I think chain letters and petition lists are nothing new to the e-mail user of today. At some stage in your computerised life you will run across an e-mail requesting you to either support some cause or to mindlessly forward it to all your contacts. People have become slaves of spam and spammers are enjoying it every step of the way. Very few understand the dangers of chain letters and petition lists. They are the fuel for spam, scams, identity theft and online fraud. They are the mechanisms that cause your inbox to be polluted with buckets of unsolicited bulk e-mails and attempts to rob you from all your hard earned cash. The ever-increasing problem of spam is our own fault, because we continue to support useless, unwanted e-mails that simply eat up bandwidth and delay servers everywhere.
But how exactly can a harmless e-mail pose any dangers to my online security? It is ignorant questions like these that help spam achieve their goals. What people don’t realise is the fact that every time you take part in a chain letter you supply your e-mail address to hundreds of other e-mail users out there. Chances are good that this chain letter will land in the mailbox of a greedy spammer. The tragedy of chain letters is the fact that e-mail addresses of innocent people are sent all over the globe. This is the case when someone sends an e-mail for instance to six people, the first three recipients ignore it and the other three forward it to all their contacts. The e-mail addresses of the first three recipients are distributed along the chain without their consent, permission or even having a say against their inclusion in the mailing list. Your e-mail address becomes yet another dumping zone for endless junk e-mails. But it doesn’t stop at simple advertising e-mails for fake Rolex watches and stock market quotes. You get bombarded with continuous ‘phishing’ scams, viruses and hoaxes. Petition lists normally require the user to supply a name followed by an e-mail address and sometimes a telephone number and the city you live in. A petition list is a handy tool in the hands of a spamming swindler. You can supply more targeted and credible scam e-mails by addressing the e-mail to a specific person. This can create a false sense of security among the recipient of the e-mail and the chances of walking into a trap is much greater than in the case of your conventional impersonal scam e-mails.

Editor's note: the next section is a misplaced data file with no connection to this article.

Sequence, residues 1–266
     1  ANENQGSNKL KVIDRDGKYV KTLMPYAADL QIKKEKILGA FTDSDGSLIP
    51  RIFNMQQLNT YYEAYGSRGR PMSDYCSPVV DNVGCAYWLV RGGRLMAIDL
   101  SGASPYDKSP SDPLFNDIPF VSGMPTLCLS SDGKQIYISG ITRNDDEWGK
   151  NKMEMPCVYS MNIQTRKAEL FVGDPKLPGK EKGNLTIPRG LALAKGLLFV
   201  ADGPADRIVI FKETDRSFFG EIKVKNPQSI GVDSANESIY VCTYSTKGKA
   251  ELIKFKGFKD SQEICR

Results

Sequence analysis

I can hear thousands of people screaming that petition lists are for good causes, causes that really exist. Do all of them really exist? So many people respond to petition lists because they appear to be for valid causes. What do you know about the person you need to reply to for every 150th or 300th entry on the list? How sure are you that this person is not simply harvesting e-mail addresses for spamming purposes? And even if it is for a good cause that really exists, how do you know whether this person is not exploiting the circumstances? I have seen e-mails (even faxes and normal letters) circulating in South Africa where people send their names and banking details all over the world in search of riches. I have seen people blindly respond to lottery scams with the hopes that they will win something. How can you win a lottery if you never entered one, how can you receive e-mails from Barclays bank if you are not a client of them, how can you receive an order confirmation from Amazon if you never ordered from them and how can you be alerted about suspicious activity on eBay if you are not even a member? If it is not mindless ignorance it is greediness that cause people to step with open eyes into a trap, ignoring every warning light flashing in their faces.
The more information you supply when taking part in petition lists or chain letter scams, the easier you make it for swindlers to steal your identity, hack your accounts or turn your computer into a spamming zombie. Next time when you receive a chain letter or petition list, think about the consequences before taking part in the chain.